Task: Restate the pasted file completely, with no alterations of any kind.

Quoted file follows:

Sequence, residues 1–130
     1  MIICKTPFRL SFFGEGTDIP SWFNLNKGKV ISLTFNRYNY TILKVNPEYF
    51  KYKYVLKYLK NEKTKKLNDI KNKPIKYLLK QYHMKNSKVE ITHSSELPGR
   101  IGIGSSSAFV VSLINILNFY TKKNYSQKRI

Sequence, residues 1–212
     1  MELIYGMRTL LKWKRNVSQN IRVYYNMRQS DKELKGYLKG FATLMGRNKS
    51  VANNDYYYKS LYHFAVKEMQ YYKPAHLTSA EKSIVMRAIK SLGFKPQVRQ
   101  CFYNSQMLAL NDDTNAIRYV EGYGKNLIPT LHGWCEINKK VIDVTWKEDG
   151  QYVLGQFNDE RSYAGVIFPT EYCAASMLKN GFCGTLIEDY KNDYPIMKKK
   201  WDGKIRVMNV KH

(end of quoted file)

Sequence, residues 1–130
     1  MIICKTPFRL SFFGEGTDIP SWFNLNKGKV ISLTFNRYNY TILKVNPEYF
    51  KYKYVLKYLK NEKTKKLNDI KNKPIKYLLK QYHMKNSKVE ITHSSELPGR
   101  IGIGSSSAFV VSLINILNFY TKKNYSQKRI

Sequence, residues 1–212
     1  MELIYGMRTL LKWKRNVSQN IRVYYNMRQS DKELKGYLKG FATLMGRNKS
    51  VANNDYYYKS LYHFAVKEMQ YYKPAHLTSA EKSIVMRAIK SLGFKPQVRQ
   101  CFYNSQMLAL NDDTNAIRYV EGYGKNLIPT LHGWCEINKK VIDVTWKEDG
   151  QYVLGQFNDE RSYAGVIFPT EYCAASMLKN GFCGTLIEDY KNDYPIMKKK
   201  WDGKIRVMNV KH